Texas woman charged in Capitol riot can go on Mexico trip, judge says
A federal judge on Friday granted permission for a West Texas flower shop owner charged in last month’s riot at the U.S. Capitol to take a work-related four-day trip to Mexico.
U.S. District Judge Trevor McFadden said in the order granting Jenny Cudd’s request for travel later this month that neither her pretrial services officer nor prosecutors opposed the request. He also noted that she had no criminal history and said there was no evidence she was a flight risk or posed a danger to others.
Cudd was initially charged last month with entering a restricted building and disorderly conduct. She was released on a personal recognizance bond.
On Wednesday, a federal grand jury indicted her on those two charges and three additional charges: obstruction of an official proceeding, disorderly conduct in the Capitol, and parading, demonstrating or picketing in the building.
She was seen in a Facebook video during the U.S. Capitol riot saying, “We did break down” House Speaker Nancy Pelosi’s door. But Cudd, a former Midland mayoral candidate, later said that she didn’t personally go into Pelosi’s office or see people break the door and that when she said “we,” she meant all of the people who were at the Capitol. She said she didn’t do anything violent or destroy any property.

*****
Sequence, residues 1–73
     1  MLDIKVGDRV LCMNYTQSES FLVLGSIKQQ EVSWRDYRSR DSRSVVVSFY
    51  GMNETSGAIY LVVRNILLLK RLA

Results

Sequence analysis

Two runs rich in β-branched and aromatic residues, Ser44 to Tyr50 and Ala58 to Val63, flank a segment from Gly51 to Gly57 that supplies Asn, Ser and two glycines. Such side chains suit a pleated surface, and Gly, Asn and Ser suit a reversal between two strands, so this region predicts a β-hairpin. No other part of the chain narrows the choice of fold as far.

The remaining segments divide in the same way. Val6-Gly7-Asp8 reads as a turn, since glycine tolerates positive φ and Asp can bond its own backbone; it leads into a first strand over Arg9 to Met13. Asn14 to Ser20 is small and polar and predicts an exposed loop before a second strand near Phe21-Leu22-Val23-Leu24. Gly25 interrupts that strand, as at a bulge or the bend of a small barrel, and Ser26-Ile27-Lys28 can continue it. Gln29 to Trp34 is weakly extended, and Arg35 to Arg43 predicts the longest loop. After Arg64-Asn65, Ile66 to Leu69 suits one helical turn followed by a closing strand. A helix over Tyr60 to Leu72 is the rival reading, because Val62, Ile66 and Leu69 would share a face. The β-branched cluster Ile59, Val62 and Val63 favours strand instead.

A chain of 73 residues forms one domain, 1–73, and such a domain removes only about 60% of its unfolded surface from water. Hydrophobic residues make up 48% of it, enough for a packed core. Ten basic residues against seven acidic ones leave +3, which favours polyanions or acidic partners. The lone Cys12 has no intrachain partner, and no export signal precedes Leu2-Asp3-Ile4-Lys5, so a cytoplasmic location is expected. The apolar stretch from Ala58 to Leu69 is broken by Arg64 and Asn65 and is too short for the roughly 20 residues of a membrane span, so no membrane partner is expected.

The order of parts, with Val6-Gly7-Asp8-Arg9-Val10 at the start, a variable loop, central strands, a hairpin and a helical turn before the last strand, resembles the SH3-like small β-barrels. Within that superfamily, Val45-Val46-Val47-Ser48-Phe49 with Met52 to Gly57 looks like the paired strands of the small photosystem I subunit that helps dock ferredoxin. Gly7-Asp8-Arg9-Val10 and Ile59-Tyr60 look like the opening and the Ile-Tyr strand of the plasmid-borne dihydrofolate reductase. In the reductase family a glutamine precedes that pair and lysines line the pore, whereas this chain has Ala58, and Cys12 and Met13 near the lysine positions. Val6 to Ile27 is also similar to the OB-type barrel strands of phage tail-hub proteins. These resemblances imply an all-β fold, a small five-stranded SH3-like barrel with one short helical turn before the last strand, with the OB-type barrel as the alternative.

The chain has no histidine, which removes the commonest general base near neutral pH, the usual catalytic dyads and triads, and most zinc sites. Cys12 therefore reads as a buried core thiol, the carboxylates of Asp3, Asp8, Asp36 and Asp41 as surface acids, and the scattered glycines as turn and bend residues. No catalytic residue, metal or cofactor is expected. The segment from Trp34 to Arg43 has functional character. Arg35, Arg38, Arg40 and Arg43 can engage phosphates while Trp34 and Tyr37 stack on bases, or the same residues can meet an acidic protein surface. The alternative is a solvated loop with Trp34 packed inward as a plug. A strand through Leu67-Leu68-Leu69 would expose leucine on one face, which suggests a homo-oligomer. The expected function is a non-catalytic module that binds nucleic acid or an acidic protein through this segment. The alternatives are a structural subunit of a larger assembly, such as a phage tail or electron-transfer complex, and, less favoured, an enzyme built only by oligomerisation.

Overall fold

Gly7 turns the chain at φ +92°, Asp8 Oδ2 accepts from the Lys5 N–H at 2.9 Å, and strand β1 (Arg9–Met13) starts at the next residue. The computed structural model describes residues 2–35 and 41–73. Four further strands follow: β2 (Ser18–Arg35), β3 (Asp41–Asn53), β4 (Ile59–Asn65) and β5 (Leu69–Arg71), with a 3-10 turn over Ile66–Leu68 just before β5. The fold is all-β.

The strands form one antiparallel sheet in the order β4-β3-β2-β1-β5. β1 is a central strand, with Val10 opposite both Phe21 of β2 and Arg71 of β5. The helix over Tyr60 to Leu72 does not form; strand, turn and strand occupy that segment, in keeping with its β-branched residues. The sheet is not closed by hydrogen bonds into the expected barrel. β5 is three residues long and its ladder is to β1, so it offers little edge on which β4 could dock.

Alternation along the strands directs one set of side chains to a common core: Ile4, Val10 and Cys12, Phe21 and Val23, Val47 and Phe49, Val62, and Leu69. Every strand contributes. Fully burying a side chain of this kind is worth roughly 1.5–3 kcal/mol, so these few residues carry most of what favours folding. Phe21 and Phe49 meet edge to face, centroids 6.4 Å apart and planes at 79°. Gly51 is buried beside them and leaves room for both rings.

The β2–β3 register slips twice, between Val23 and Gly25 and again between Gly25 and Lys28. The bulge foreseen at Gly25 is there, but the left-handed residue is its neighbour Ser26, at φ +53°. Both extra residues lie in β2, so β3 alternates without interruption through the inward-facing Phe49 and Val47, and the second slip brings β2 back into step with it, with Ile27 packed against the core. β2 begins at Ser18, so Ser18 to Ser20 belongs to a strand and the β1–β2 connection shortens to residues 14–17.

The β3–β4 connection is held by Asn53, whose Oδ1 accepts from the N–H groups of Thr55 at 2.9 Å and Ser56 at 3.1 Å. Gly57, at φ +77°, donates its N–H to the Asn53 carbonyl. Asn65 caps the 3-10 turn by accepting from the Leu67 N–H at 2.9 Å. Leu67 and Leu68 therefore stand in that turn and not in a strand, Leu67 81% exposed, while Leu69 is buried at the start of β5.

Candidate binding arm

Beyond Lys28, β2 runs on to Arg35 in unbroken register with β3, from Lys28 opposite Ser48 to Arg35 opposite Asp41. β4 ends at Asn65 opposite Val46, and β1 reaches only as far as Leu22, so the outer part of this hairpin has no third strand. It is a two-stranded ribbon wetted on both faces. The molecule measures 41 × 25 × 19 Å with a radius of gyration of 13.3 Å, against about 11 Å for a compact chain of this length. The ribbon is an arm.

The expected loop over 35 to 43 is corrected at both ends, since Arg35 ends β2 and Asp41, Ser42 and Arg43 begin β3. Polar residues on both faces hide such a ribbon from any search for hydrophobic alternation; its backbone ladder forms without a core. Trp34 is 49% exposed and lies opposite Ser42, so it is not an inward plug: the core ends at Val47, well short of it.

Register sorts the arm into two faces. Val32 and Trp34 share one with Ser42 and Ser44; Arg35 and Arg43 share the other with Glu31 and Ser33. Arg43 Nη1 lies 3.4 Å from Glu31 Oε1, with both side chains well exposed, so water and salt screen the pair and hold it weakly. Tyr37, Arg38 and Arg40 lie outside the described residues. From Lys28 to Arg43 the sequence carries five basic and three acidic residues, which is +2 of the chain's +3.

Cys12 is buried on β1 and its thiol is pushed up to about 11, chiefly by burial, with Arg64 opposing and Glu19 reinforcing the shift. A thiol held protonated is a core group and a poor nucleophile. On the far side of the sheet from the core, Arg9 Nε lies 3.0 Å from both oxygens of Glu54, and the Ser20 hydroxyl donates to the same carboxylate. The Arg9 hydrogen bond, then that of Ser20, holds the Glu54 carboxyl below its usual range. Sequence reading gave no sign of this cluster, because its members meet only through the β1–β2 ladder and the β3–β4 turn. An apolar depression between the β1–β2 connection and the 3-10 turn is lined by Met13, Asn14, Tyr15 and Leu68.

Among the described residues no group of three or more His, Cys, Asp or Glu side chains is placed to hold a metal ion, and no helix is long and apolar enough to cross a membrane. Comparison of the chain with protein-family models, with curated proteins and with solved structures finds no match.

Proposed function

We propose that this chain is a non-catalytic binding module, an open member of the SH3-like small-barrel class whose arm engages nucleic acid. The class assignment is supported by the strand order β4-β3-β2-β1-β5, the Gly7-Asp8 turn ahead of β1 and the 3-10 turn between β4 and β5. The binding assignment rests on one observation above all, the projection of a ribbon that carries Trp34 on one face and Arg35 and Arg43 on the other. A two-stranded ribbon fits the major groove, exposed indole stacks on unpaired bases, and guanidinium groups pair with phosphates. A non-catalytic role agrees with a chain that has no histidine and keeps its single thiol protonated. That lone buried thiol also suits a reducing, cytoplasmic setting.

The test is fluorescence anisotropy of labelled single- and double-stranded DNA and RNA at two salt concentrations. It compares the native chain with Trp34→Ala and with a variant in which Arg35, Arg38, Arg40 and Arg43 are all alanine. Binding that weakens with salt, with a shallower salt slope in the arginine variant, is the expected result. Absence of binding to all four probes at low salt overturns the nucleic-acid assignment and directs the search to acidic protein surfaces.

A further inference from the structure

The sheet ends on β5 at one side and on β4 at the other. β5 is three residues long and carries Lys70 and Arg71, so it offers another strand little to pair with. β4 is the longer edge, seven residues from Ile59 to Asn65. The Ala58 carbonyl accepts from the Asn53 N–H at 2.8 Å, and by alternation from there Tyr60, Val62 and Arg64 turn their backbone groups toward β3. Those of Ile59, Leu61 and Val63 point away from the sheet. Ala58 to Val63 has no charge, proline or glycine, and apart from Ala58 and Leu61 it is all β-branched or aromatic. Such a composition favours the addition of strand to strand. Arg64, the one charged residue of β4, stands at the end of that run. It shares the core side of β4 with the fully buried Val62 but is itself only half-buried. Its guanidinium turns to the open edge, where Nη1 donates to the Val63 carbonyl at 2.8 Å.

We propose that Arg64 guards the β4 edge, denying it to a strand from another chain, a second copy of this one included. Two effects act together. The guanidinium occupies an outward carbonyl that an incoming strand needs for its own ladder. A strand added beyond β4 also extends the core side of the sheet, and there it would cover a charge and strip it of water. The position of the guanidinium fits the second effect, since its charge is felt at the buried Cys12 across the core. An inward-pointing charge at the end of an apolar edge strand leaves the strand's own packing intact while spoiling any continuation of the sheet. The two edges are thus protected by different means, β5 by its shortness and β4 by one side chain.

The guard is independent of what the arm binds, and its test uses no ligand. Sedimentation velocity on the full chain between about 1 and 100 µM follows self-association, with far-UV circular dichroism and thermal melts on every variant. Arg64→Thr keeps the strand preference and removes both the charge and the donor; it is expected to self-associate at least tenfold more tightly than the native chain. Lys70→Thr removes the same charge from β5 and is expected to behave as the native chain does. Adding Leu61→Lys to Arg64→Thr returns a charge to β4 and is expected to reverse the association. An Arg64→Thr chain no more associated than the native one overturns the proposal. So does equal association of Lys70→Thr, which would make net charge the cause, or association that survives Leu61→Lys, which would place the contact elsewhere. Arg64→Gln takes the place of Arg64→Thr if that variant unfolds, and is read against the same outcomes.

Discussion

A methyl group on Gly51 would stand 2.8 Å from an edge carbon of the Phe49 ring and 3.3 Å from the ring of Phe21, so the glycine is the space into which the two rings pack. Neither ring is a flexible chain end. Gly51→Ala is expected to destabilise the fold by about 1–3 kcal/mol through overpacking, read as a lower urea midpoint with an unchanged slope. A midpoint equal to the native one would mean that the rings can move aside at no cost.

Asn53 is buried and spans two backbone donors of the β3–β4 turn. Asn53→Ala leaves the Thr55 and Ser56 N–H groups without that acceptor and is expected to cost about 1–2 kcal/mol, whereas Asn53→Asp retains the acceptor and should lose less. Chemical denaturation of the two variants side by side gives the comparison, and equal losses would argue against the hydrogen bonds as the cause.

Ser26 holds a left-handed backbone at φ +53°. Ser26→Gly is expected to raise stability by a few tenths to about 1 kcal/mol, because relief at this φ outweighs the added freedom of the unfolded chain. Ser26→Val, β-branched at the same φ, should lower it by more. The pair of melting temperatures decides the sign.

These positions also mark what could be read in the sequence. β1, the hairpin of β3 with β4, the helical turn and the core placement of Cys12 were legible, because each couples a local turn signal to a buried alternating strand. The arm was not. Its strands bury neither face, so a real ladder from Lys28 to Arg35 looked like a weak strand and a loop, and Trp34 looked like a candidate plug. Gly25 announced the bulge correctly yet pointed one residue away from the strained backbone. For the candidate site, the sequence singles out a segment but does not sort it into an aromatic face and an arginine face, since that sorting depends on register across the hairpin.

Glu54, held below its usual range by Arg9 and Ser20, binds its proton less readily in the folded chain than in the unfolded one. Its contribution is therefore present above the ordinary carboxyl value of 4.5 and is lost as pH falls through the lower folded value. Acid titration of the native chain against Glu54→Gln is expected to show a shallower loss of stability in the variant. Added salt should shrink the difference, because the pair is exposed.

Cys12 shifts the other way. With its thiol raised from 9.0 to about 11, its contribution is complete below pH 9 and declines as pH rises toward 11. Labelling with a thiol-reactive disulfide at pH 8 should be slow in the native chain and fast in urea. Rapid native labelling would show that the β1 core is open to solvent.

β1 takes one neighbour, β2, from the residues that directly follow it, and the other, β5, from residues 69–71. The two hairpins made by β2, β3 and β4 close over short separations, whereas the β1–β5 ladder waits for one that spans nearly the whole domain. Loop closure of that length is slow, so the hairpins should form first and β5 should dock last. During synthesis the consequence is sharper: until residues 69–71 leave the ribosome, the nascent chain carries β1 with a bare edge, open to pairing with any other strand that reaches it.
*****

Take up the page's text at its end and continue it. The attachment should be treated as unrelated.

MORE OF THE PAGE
Normalizing surveillance tactics that have been used disproportionately on Black and brown communities may have big consequences, activists and academics warn.
After the riot at the Capitol, Cudd’s Midland shop, Becky’s Flowers, was flooded with dozens of one-star reviews in which she was called a traitor and domestic terrorist, along with photos of her inside the Capitol.
In asking permission for travel, Cudd’s attorneys said the trip to Mexico’s Caribbean coast was for a “work-related bonding retreat” with her colleagues and their spouses. They said the trip was prepaid and planned before the Capitol riot.
On Jan. 6, a mob of then-President Trump’s supporters broke into the Capitol to interrupt the electoral vote count. Five people died, including a Capitol police officer.
Start your day right
Sign up for Essential California for news, features and recommendations from the L.A. Times and beyond in your inbox six days a week.
You may occasionally receive promotional content from the Los Angeles Times.